Before search engines, the internet was essentially a series of digital archives. While the internet is still like an archive today, we now use search engines to fetch information.

Google’s search engine processes your request in three simple steps whenever you search for something.

First, it uses Google crawlers to hunt for web pages and websites centered around your search topic. Google then files these webpages and websites in a shortlist.
Next, Google scours its shortlist to analyze the content of each listing. During this stage, Google looks at video files, images, text content, and anything else it can analyze.
Finally, Google ranks the web pages and websites it analyzed from most to least relevant. Then, its search engine identifies which results are most suited to you by your location, previous browsing behavior, language, and device (it won’t want to show mobile users a website with no mobile compatibility). Google then shows you the results.
Every time you make a Google search, Google sorts through millions of websites in the span of a few seconds. This speedy turnaround is made possible by search engine indexing and caching.

What Is Search Engine Indexing and Caching?

Indexing is the process Google uses to sort information on the internet to deliver responses to searches quickly. When Google indexes information, it sorts through websites in an inverted index (also called a “reverse index”). An inverted index is a database that contains information about a website’s key elements.

Inverted indexes use “tokenization.” This is the process of summarizing content by a few keywords. For example, websites that sell black leggings would be tokenized with keywords like “leggings,” “black leggings,” and “women’s leggings.”

Search engine caching is a separate process. Caches are snapshots of a page that Google uses to understand its contents. You can see an example of a cached website below.

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When You Remove a Result From Google, Does It Get Removed Worldwide?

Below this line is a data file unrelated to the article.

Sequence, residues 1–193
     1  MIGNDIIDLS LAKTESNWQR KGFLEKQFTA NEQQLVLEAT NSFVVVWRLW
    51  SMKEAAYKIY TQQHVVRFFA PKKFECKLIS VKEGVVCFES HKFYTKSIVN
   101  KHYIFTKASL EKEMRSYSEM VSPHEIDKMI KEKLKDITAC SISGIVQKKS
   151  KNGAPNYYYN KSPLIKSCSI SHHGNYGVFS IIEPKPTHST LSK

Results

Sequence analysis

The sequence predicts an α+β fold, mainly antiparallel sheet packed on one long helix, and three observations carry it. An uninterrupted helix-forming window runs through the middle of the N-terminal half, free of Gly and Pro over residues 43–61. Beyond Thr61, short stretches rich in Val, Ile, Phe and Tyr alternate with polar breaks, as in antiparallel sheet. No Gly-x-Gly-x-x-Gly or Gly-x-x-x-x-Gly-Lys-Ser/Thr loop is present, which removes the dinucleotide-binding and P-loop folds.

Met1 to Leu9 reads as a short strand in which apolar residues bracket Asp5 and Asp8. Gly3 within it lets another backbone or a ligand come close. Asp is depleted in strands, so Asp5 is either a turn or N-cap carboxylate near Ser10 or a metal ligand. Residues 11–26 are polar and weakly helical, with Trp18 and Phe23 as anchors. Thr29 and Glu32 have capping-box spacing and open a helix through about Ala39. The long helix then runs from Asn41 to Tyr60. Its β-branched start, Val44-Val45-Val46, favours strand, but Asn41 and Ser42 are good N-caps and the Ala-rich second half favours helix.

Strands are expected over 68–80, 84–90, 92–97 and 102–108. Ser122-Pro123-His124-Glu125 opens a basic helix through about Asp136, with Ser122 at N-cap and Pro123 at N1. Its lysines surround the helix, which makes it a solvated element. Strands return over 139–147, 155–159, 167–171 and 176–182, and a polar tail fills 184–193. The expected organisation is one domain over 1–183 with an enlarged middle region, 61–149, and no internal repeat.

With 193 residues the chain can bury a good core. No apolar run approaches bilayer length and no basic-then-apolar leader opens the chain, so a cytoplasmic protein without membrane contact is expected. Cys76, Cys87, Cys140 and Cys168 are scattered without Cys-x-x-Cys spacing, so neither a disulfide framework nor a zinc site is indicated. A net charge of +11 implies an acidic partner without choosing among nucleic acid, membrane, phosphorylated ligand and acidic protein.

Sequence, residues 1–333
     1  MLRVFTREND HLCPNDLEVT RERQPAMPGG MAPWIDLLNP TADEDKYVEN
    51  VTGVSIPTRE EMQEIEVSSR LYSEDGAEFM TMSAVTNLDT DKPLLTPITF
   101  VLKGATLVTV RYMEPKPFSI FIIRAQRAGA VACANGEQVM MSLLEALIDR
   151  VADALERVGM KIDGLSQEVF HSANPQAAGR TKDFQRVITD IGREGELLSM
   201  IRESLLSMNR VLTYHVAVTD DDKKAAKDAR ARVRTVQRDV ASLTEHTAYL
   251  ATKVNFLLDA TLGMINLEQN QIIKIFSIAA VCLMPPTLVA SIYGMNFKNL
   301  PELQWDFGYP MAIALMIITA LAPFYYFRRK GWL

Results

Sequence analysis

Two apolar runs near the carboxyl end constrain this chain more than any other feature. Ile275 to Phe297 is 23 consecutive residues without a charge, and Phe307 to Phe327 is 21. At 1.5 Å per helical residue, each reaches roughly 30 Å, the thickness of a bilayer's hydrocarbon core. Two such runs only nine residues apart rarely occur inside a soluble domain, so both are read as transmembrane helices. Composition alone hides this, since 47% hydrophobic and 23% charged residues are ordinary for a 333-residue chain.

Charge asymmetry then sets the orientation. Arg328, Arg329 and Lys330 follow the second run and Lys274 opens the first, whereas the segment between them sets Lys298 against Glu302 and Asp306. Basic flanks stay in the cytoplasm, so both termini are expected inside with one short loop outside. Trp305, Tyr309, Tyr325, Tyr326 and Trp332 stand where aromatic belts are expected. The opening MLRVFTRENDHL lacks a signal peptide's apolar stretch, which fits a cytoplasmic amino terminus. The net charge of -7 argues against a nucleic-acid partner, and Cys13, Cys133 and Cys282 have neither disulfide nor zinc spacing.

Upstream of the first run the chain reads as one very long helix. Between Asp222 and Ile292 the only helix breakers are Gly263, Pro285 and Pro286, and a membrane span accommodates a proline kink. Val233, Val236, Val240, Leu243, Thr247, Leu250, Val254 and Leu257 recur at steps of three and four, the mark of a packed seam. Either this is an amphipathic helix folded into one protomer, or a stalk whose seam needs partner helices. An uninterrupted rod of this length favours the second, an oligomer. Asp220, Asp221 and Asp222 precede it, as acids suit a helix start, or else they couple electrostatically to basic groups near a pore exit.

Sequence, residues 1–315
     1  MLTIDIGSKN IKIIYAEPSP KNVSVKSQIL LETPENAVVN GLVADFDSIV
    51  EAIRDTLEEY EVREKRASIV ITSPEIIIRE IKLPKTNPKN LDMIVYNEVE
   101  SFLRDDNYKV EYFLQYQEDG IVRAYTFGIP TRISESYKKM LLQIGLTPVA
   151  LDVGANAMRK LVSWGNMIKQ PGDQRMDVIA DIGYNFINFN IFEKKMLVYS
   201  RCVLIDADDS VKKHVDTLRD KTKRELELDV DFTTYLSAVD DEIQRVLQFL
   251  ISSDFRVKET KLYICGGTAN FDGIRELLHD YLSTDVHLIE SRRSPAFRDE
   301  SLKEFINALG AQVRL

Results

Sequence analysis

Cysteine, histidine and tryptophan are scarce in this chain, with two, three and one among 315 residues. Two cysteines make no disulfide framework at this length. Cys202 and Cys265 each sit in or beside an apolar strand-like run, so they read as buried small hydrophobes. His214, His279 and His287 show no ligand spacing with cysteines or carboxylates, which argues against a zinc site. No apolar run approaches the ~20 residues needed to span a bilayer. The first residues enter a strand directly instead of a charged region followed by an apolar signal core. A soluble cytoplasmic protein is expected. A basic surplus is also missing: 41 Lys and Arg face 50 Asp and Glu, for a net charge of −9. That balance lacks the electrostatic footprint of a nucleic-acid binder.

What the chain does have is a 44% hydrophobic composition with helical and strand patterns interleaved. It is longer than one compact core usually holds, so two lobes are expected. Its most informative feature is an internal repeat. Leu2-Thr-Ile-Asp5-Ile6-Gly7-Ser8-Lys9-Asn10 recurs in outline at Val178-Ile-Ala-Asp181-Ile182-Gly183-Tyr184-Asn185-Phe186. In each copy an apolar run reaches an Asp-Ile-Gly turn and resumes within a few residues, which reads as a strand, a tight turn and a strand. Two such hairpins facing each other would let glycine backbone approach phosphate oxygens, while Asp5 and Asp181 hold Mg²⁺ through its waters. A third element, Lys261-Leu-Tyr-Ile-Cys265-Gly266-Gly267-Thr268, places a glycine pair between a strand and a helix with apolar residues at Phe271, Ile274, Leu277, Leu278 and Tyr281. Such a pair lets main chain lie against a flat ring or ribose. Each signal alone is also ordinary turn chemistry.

When you remove a result from Google’s search engine, you are only removing it from Google. Unfortunately, this means that the result may still appear on other search engines like Bing and Yahoo.

Alternatively, Google may re-index the search result or keep a cache of the webpage. Google’s search engine constantly re-indexes websites to return the most accurate information to users. If you remove a search result but don’t delete the webpage, images, and URL, Google may re-index the content and list it again.

If you want to fully remove a website from the internet, you need to delete all traces of it — including the website’s content, images, URL, and search results. We’ll cover this process in detail later.

But first, let’s cover the “why.”

Reasons to Remove a Website From Google

There are many reasons why a person may want to remove a website. In this section, we’ve outlined six of the most common removal reasons and the recommended course of action for each.
Reason 1: The Information on the Website is Outdated or Wrong
If Google displays incorrect information, it can mislead your audience and confuse people. There are three ways to fix a Google listing with incorrect information:

Correct the information
Delete the website

Remove the website from search results.

Reason 2: The Website or Webpages You Want to Delete are Duplicates
Sometimes Google displays multiple search engine results for the same webpage. This issue commonly happens with online store listings where a website contains similar-looking web pages with different products (i.e., different pages for red, green, blue, and black leggings). You may want to remove duplicate listings from search results in this situation.

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